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Reading African Caribbean club gets lifeline

ICONIC: The well known exterior of Central Club which has been disused since 2006

LOCAL COUNCILLORS in Reading have allowed a minority group additional time to raise money in order to save an African and Caribbean community club.

Known as the Central Club, it was shut by authorities in 2006 after police raided the premises for drugs.

For the club to be refurbished and reopened, the African Caribbean Community Association (ACCA) must acquire £400,000.

Thus far ACCA has mustered £100,000 of the money needed to save the club. Reading Borough Council helped reduce the total sum needed by pledging £220,000 to the estimated £620,000 required to pay for building and renovation works for the site in London Street.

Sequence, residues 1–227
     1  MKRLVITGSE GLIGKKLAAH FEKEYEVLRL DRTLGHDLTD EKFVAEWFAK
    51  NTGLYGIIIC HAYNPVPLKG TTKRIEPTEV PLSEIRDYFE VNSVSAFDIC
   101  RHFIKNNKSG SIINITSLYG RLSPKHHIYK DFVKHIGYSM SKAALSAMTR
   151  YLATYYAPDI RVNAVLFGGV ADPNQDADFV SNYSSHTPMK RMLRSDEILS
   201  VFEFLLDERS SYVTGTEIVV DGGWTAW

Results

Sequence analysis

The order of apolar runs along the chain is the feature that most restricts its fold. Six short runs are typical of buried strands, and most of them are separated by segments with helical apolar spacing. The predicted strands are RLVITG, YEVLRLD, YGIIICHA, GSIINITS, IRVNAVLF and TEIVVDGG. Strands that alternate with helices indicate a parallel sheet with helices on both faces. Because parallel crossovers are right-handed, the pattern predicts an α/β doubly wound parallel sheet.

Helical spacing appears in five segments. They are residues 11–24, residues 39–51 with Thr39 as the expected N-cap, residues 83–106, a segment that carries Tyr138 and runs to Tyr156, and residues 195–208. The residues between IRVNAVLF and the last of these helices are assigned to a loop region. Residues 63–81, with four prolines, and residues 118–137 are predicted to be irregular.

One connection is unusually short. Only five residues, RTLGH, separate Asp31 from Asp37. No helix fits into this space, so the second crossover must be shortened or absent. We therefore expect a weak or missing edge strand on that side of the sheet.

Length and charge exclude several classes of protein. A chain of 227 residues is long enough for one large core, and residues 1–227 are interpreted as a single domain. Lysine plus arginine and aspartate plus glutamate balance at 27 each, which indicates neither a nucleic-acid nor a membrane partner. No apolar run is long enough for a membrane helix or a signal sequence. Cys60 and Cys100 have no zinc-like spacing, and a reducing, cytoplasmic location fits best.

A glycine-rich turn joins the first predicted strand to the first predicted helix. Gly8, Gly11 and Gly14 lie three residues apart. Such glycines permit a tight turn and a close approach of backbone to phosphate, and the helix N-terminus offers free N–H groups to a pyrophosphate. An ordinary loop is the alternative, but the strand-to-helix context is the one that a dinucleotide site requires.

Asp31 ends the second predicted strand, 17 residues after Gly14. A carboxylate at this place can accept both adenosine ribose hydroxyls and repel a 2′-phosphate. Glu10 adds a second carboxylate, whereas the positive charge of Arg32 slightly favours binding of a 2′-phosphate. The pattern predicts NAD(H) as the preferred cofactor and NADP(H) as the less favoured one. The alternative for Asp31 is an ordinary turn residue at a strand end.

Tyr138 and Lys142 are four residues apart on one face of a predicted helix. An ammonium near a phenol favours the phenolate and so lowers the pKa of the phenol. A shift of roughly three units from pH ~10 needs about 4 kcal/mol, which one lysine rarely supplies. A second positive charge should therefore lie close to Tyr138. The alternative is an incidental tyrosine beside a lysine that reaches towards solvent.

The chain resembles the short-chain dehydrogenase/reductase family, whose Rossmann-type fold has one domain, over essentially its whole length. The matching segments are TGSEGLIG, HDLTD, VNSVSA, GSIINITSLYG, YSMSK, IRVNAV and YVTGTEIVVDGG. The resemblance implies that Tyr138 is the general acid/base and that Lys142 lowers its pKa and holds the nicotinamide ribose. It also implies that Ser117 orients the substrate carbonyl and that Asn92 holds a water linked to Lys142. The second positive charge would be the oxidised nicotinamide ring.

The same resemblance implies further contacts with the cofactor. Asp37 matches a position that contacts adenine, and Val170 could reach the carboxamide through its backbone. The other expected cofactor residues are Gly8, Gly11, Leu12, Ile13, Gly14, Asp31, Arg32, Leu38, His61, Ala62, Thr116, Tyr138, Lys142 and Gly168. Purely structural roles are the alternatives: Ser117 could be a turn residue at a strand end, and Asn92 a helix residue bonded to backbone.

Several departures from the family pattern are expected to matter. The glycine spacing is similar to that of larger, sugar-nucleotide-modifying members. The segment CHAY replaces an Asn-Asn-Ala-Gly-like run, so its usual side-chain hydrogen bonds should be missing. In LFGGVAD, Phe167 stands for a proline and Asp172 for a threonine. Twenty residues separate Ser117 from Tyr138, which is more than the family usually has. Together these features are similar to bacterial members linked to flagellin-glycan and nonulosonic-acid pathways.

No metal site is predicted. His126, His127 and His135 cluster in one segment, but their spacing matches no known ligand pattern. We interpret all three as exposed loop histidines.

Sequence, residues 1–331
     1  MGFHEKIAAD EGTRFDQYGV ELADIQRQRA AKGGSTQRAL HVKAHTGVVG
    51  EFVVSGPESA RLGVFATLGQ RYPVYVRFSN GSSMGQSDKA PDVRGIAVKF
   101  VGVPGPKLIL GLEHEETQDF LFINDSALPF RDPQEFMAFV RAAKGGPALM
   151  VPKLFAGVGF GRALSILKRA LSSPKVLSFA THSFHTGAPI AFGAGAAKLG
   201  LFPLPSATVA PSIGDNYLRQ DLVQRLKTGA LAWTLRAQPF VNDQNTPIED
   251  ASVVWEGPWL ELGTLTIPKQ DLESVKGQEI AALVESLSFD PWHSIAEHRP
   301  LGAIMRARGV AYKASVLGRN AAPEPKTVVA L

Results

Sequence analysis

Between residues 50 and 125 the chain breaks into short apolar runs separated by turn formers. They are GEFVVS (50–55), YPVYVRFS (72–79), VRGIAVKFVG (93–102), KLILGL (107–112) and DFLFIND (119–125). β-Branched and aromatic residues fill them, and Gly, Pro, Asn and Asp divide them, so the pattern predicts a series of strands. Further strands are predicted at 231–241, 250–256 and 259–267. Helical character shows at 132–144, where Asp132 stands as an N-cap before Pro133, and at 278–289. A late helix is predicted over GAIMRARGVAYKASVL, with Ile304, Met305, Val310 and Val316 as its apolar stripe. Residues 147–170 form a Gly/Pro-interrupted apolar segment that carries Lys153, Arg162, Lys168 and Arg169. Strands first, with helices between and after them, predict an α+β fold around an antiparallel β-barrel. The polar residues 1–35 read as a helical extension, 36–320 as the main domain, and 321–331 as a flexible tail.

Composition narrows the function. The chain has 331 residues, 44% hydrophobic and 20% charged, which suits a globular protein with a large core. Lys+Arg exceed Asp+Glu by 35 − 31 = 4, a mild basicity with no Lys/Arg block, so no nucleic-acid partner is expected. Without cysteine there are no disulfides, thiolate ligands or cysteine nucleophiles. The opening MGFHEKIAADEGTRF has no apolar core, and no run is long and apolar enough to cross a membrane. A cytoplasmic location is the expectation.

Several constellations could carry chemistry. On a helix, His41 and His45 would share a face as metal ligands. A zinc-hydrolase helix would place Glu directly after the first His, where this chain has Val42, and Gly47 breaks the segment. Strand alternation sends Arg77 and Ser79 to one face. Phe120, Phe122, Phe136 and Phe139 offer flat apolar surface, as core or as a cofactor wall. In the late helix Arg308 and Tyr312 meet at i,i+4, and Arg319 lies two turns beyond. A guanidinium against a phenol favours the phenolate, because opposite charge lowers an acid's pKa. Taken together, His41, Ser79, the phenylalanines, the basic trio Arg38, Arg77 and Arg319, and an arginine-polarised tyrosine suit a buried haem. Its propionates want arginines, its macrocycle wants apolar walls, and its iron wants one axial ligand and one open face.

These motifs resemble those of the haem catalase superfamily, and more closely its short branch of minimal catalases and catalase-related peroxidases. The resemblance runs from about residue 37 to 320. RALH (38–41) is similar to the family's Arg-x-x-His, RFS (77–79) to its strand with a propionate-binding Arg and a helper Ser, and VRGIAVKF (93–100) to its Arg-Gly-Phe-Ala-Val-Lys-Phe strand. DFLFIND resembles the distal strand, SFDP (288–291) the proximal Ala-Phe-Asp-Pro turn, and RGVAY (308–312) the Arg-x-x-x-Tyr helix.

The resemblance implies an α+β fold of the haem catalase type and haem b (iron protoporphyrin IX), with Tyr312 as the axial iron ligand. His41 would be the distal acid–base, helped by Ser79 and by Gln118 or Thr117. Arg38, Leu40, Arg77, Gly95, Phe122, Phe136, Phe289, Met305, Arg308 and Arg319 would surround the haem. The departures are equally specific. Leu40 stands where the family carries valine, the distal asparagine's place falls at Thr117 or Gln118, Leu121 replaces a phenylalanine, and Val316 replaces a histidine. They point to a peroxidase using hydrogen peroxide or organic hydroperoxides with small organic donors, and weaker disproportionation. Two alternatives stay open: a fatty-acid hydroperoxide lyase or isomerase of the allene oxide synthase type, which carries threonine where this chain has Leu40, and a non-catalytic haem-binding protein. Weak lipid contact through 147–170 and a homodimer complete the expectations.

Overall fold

The council has granted ACCA until the end of 2013 to raise the rest of the money needed.

Lead councillor for community engagement, Jan Gavin, said: “For the African and Caribbean Community Association to raise £100,000 in the current economic climate is a tremendous achievement on their part.

“I know they have been working hard to maintain a high profile and identify possible funding opportunities, with some success.

“The proposed extension of the lease would give them a opportunity to continue with that work and towards reaching their goal which is to see the Central Club brought back into community use.”

According to the council, community-wide support for the club exists. In a 2008 survey, respondents “generally wanted to see the existing Central Club site used.”

The council said: “People wanted to see an inclusive centre, with a range of activities for young and old, with an emphasis on social and cultural activities and with some educational programmes and a place for advice, information and support.”

The extension and support from the council is welcome news to Reading’s black community, which has attached significant importance to the disused club, famous for its bold mural.

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